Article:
Oil And The Black Swan - The Final Countdown

Dec. 21, 2015 10:10 AM ETXLE10 Comments
David Nelson, CFA profile picture
David Nelson, CFA


  • Bad news for stocks always starts in debt markets.
  • The day OPEC died.
  • Stocks in lock step with crude.

By David Nelson, CFA

It's been a little over a year since I published the first in the series, Oil & the Black Swan. Just days' earlier Saudi Arabia had announced they would no longer be the world's swing producer willing to cut production and support oil prices. There hasn't been a funeral or even a death certificate issued but effectively that was the day OPEC died.

The collapse in oil has been a favorite topic for the press and bloggers at times even approaching the attention garnered by the Federal Reserve. The rhetoric that followed ranged from; "it will be a tax cut for consumers" to others saying "it's the end of life as we know it." Of course it's the extremes that rarely get it right and the truth usually lies somewhere closer to center.

Bad news for stocks can come from almost anywhere but the really challenging concerns always show up in debt markets first. A year ago, I focused on the credit default swaps of leading oil companies as well as the sovereign debt of OPEC's largest producer Saudi Arabia. As you might have guessed with oil down 67% from its June 2014 highs, the picture isn't any brighter. Saudi Arabia's war against the U.S. energy complex to maintain market share is coming at a steep cost. CDS spreads are starting to rise along with the cost of protection.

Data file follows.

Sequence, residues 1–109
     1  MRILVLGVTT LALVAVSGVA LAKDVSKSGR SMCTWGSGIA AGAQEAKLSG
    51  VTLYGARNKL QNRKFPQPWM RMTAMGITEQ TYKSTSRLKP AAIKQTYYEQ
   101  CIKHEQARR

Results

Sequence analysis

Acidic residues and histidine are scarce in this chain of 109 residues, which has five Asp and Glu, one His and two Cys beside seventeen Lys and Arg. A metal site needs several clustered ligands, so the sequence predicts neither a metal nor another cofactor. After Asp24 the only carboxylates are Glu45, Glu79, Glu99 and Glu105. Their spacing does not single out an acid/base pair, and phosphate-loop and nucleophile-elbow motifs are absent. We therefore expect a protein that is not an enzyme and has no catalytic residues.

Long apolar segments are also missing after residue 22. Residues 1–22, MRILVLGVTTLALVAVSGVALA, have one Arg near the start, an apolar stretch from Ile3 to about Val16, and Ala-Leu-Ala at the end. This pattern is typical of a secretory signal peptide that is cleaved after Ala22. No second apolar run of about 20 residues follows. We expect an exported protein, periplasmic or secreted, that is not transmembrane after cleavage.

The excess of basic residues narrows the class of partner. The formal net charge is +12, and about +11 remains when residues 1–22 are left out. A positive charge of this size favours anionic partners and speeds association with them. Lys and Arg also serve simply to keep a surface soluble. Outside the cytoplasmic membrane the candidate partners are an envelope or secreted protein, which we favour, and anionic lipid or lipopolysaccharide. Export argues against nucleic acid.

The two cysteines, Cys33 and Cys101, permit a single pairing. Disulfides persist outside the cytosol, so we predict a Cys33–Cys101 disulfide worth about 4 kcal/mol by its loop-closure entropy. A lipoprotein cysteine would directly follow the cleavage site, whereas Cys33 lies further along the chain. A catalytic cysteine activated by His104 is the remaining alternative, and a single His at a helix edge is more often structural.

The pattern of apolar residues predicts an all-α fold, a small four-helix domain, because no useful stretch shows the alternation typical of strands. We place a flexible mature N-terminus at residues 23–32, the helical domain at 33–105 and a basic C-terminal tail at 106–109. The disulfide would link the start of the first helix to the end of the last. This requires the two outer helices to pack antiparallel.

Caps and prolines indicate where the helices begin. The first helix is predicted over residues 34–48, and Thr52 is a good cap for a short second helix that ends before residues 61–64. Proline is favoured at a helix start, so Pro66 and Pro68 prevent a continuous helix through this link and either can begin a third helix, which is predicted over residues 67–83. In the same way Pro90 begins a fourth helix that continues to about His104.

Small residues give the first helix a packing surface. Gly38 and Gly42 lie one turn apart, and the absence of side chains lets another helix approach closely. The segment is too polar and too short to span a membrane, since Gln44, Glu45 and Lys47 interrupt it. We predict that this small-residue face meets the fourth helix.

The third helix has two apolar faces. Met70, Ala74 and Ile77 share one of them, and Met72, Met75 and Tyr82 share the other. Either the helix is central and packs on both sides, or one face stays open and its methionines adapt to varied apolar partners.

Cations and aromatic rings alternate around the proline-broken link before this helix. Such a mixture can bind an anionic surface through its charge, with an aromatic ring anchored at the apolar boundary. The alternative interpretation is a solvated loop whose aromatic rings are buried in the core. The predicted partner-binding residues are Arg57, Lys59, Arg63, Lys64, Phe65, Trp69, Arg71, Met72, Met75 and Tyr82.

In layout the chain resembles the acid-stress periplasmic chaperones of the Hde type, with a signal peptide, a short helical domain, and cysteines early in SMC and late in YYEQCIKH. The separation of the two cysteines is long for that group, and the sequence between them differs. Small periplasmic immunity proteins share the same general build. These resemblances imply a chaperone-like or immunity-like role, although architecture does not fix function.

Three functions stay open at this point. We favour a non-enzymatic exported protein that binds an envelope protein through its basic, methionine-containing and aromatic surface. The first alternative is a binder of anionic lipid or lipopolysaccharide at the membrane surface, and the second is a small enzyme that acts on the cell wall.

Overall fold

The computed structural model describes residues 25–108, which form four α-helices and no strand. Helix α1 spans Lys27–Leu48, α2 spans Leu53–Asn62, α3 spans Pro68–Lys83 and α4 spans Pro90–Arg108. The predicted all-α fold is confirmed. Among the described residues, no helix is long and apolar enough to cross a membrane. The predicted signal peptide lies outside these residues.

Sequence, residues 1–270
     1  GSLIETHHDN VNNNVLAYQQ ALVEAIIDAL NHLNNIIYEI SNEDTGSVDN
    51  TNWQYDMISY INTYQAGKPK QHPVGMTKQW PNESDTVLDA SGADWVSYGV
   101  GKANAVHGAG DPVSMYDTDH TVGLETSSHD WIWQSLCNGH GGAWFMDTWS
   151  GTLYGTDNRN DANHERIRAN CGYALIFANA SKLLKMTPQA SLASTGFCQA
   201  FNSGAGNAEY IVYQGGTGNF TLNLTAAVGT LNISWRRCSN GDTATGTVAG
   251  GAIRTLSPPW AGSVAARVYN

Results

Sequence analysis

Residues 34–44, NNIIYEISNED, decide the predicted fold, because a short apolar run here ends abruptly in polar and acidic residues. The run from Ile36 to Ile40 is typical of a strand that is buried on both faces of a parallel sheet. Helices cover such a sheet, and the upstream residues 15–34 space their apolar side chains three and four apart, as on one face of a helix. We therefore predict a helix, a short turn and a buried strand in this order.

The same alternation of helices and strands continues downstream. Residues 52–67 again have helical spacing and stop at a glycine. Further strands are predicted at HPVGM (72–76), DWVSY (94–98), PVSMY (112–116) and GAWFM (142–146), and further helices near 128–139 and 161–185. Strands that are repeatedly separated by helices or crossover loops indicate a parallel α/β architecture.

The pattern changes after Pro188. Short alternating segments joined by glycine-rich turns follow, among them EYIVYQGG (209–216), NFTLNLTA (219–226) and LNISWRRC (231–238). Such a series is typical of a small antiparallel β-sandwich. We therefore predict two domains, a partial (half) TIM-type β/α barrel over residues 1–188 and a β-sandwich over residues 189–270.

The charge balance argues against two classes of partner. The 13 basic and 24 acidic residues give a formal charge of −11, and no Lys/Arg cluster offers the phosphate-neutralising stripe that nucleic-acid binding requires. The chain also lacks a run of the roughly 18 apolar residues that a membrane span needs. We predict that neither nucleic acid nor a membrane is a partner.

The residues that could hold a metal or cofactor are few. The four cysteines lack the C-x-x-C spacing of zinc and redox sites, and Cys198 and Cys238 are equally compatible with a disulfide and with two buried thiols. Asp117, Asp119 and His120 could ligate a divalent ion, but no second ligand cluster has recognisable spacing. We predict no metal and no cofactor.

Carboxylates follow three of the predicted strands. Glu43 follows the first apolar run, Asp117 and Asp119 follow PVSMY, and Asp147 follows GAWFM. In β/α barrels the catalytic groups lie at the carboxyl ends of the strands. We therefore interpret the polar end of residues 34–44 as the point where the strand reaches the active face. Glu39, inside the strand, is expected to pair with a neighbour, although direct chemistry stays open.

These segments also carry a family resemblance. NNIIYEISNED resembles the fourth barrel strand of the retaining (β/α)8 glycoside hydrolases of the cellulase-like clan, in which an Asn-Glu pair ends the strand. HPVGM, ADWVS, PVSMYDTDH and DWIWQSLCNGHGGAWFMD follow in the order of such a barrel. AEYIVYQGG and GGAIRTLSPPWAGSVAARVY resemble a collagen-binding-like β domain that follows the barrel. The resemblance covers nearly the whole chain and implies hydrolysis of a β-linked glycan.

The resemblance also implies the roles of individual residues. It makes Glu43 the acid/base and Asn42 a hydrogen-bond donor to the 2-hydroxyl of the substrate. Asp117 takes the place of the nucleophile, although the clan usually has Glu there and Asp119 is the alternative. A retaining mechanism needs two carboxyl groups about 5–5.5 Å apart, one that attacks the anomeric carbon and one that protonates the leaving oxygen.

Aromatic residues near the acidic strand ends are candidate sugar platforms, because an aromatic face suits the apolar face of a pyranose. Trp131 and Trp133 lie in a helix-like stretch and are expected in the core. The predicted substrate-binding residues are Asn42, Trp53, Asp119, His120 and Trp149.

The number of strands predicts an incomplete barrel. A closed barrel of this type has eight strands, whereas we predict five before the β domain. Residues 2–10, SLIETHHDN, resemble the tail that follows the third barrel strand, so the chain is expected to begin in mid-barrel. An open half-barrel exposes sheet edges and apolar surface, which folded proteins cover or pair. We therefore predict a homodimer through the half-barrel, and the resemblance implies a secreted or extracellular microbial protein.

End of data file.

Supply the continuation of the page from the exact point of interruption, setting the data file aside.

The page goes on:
The cost of insuring these bonds is climbing dramatically with each leg down in energy markets. When portfolio managers are forced to focus on balance sheets it's never a good sign and today you can bet it's the first place we turn. No one wants to be caught off guard holding a Chesapeake (CHK) or even worse a Magnum Hunger (OTCPK:MHRCQ). (Magnum Hunter has

This article was written by

David Nelson, CFA profile picture
David Nelson, CFA is the Chief Strategist of Belpointe Asset Management. The members of his firm, DC Nelson Asset Management LLC (DC Nelson), recently merged into Belpointe. At Belpointe he will continue to manage his Alpha Select Portfolio. He is a Chartered Financial Analyst (CFA), a designation issued solely by the CFA Institute (formerly the Association for Investment and Research or “AIMR”). Follow on Twitter @davidnelsoncfa Relevant Experience: David founded his own investment firm in October 2000. Prior to forming DC Nelson, David was a portfolio manager at Lehman Brothers’ New York City office, where from 1997-2000, he was responsible for managing the assets of high net worth clients and small institutions. Lehman approached David at Morgan Stanley Dean Witter where, from 1995-1997, he played an active role in management at their flagship New York City office. Previously, he was a Financial Consultant for Merrill Lynch. He is a frequent commentator and guest on Fox News, and Bloomberg TV where he discusses markets, politics and individual securities. David also frequently lectures on the financial markets, including several recent appearances before the American Association of Individual Investors (AAII). David’s investment career follows his well-publicized success in the entertainment industry where he performed with recording artists The Turtles, David Johansen and Nektar.

Analyst’s Disclosure: I/we have no positions in any stocks mentioned, and no plans to initiate any positions within the next 72 hours. I wrote this article myself, and it expresses my own opinions. I am not receiving compensation for it. I have no business relationship with any company whose stock is mentioned in this article.

All pictures and charts created by me in Bloomberg or Photoshop.

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